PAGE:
"Children are born neither good nor bad," writes Joel Peterson in his haunting new book, Dreams of My Mother, "but simply are born." The biographical novel chronicles Peterson's life as a biracial adoptee. The author was seen as an outcast from birth thanks to his green eyes (inherited from his American GI biological father, who conveniently disappeared during the eighth month of pregnancy). He suffered numerous tragedies as a frail child in postwar Korea in the 1960s, including abject poverty, an accident that nearly killed him as a baby when he fell into a pot of boiling water unattended, and witnessing the sex acts of his prostitute mother. Traumatized and confused by his birth mother's decision to place him for adoption at age six, he attempted suicide before being adopted by a Lutheran couple from rural Minnesota. Peterson grew to love his new family, including his four blonde, blue-eyed siblings, and later flourished as a Naval officer, high-level telecommunications executive, CEO, and entrepreneur. He's currently a PhD pre-doc in Education Policy and Reform at Claremont Graduate School.
Over the past six decades, families in more than 15 countries have adopted some 200,000 Korean children, with the majority of adoptees living in the US. Since a child born to a Korean mother and American father was not recognized as a Korean or American citizen at the time, Peterson had no government benefits, right to attend school, or future, really. The first-time author deftly writes about Korea's patriarchal culture, its obsession with purity of bloodlines, and how unmarried women (then and now) are shunned by Korean society. He also shines an unflinching lens on the well-meaning white people who may believe "love is enough," but can't really fathom the experiences of the kids they are adopting. At its heart, Dreams of My Mothers is a story about identity, sacrifice, perseverance, and what it really means to be American.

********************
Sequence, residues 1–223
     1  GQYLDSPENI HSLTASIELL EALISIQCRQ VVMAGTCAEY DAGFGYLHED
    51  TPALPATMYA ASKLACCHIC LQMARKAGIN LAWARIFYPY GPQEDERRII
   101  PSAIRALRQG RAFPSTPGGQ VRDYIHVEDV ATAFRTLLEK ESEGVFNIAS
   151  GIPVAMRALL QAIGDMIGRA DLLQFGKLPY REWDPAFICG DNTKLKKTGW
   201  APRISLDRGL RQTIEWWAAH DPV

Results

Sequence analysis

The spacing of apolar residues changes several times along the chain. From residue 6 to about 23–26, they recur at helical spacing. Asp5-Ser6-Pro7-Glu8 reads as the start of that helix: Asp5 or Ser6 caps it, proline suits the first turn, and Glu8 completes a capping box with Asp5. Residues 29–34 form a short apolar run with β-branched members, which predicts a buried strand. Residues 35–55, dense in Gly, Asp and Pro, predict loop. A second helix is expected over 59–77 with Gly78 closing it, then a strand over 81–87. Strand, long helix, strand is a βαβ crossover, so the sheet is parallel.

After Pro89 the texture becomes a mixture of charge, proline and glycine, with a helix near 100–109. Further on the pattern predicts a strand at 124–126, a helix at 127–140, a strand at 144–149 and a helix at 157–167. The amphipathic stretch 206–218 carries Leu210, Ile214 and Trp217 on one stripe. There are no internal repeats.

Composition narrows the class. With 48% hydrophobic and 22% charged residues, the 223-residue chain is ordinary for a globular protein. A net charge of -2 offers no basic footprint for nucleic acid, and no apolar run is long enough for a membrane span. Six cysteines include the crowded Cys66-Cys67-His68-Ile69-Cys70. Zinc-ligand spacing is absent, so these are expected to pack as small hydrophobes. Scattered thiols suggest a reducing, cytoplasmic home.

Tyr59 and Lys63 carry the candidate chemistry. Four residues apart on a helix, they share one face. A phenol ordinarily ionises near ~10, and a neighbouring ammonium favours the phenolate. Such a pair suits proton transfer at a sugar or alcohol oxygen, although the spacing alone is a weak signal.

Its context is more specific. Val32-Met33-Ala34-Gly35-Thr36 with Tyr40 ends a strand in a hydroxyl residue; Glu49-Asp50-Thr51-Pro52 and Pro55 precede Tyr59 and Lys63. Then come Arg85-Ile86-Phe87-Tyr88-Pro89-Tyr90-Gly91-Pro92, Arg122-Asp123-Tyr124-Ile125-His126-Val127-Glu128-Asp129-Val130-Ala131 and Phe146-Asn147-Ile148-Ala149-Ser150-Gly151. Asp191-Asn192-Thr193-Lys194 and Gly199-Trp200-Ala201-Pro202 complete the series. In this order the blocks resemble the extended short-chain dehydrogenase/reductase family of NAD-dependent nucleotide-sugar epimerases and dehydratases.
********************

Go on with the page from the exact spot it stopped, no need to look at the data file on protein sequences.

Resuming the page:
VICE spoke to Peterson about Korea, Minnesota, culture shock, and the value of fiction.
VICE: What led you to write biographical fiction instead of a straight memoir?
Joel Peterson: I felt that a memoir required a level of accuracy and corroboration akin to journalistic standards that I may not have been able to achieve, as I lacked many documents. I wrote the book after the death of both of my mothers. I was also concerned about overly focusing on myself, when I thought the true protagonists were my mothers. A fictionalized approach allowed me to enhance conversations, thoughts, and feelings that may better portray the truth. Finally, a fictional biography, where all names are changed, offers more legal protection against anyone taking exception.